Glacier as a National Park was only 10-years-old when Lyle Ruterbories was born. When the first cars drove over the completed Going-to-the-Sun-Highway Ruterbories was 13.
In his 70’s he became a ranger, and his wife Marge a campground host at the remote Kintla Lake campground.
Now, at the age of 93-and-a-half he’s still the camp ranger.
“My number one is the public, number two is taking care of the resources, and number three is I have to keep things in shape around the place,” Ruterbories said ranger duties have changed over the past 20-plus years. Now, the Park hires back country rangers to do things like patrolling. Today, he said his responsibilities include answering questions, keeping up the campground, and making sure people are keeping their campsites clear of bear attractants.
“In my 22 years here, I’ve never had a bear-food encounter. Not once, knock on wood, because that may happen tonight…” another duty is chopping and stacking firewood at the Kintla Ranger Station.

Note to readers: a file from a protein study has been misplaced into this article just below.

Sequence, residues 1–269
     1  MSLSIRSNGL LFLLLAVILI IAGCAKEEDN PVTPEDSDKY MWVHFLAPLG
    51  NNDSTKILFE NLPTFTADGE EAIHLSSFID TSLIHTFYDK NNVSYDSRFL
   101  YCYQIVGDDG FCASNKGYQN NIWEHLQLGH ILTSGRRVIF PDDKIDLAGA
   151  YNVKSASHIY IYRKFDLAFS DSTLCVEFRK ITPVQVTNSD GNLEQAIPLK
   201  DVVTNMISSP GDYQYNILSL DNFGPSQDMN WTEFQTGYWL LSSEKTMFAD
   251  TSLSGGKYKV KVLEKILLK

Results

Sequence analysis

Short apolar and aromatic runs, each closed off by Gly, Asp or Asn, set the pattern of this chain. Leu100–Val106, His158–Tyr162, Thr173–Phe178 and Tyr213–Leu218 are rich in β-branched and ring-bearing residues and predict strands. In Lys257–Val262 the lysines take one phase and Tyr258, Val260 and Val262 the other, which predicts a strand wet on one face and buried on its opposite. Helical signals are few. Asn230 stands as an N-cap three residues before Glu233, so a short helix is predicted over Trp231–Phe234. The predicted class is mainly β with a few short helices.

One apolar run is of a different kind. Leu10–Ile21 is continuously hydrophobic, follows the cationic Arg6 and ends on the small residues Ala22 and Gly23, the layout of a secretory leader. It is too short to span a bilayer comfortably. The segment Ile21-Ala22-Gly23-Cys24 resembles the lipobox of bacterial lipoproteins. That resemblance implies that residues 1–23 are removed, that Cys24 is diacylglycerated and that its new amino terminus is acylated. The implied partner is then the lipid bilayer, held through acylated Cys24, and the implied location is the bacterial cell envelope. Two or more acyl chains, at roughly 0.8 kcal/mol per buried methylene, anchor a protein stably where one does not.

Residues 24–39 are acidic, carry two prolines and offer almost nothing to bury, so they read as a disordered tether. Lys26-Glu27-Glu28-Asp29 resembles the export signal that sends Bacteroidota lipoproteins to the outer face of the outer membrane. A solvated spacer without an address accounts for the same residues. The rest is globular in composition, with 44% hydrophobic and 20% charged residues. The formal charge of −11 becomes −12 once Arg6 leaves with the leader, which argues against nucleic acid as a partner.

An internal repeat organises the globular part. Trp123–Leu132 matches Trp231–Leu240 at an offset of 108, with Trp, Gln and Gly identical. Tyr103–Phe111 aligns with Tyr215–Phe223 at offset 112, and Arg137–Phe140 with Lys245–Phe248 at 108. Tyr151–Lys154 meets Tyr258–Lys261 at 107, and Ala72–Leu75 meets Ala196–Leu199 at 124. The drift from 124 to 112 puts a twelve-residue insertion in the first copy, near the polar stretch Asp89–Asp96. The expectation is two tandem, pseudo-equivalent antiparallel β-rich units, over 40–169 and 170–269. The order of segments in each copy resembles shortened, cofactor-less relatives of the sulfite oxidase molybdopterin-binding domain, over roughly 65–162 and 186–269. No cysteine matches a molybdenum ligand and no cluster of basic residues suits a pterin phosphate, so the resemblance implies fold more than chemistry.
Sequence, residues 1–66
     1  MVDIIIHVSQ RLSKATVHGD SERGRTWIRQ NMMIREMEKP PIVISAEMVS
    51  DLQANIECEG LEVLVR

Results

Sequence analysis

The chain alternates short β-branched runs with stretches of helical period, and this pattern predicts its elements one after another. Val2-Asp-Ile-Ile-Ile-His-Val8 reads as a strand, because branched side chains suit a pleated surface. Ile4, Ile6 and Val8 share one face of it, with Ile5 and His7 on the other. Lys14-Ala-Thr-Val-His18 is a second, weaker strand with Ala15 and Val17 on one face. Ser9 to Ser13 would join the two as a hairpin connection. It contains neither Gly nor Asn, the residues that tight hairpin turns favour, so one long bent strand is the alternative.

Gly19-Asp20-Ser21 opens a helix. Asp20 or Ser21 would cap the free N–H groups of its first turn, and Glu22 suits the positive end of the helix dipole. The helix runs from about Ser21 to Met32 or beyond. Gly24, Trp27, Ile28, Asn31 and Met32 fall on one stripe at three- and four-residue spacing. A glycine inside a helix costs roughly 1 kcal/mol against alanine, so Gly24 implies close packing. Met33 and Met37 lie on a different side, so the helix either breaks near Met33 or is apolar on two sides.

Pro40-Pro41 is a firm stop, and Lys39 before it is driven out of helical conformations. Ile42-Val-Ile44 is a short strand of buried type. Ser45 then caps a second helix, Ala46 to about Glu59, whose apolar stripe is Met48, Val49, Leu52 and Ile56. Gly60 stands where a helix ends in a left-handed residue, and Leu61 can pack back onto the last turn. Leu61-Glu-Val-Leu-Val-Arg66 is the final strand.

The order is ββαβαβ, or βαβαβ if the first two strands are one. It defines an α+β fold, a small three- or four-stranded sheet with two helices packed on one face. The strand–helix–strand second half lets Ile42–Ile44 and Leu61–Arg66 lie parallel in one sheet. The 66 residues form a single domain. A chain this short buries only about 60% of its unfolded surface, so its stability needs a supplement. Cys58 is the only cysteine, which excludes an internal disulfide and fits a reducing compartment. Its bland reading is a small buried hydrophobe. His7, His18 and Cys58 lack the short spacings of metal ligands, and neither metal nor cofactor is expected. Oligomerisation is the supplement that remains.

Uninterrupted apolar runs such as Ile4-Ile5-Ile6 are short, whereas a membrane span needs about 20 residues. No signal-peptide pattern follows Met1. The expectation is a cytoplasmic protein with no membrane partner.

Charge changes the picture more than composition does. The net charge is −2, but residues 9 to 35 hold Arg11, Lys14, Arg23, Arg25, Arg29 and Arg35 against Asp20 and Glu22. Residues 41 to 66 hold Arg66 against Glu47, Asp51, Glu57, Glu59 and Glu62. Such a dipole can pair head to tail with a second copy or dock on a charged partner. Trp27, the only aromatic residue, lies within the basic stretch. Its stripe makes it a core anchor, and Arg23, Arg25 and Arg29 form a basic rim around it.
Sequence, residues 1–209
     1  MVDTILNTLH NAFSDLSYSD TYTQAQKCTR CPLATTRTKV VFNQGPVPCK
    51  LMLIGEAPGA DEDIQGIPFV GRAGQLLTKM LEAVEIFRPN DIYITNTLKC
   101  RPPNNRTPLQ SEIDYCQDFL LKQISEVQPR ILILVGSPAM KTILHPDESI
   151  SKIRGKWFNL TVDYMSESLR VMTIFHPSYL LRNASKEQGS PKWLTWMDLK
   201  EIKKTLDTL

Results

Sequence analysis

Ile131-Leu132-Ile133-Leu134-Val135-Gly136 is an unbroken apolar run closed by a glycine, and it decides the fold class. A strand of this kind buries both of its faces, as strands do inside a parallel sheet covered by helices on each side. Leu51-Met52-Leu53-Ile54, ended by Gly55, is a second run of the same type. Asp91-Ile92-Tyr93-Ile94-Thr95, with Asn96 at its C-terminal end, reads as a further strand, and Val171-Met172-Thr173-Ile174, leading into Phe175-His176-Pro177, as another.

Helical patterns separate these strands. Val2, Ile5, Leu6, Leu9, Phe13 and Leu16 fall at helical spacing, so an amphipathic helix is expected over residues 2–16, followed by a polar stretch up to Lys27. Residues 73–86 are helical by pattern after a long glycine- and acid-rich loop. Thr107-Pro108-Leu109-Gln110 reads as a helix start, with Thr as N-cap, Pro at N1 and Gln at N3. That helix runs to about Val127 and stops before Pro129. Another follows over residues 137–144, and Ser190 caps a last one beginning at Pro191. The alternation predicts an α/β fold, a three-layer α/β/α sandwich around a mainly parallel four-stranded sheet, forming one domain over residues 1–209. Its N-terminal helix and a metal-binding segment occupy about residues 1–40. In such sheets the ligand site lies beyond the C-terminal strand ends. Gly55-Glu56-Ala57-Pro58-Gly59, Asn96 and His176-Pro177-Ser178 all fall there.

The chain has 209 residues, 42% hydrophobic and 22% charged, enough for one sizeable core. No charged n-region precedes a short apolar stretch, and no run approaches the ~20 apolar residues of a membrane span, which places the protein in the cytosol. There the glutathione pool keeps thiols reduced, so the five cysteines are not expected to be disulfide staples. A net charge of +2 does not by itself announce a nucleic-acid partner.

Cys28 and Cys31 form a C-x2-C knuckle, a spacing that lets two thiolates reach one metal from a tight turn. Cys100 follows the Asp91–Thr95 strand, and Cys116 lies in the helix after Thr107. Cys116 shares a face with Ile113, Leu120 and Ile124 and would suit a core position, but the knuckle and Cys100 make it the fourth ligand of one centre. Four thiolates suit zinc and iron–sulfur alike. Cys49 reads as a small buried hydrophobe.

Ruterbories will celebrate his 94th birthday in February.
“It seems to me that I’ve lived a pretty straight life; I’ve never drank, I’ve never smoked, and, my attitude is when I’m talking to you, I feel the same age as you are. I never feel older- no older than anybody, even my great grandchildren,” or Ruterbories great-great grandchildren. He said he has 10 grandchildren, 20 great-grandchildren, and 7 great-great-grandchildren.
By this weekend Ruterbories will have his 1984 Westfalia Van packed up pulling his 19-73 VW bug back to his home in Colorado. He walks with a bit of limp, and said he’s considering a knee replacement surgery. He said if he gets that knee fixed, you’ll see him back at the camp next summer.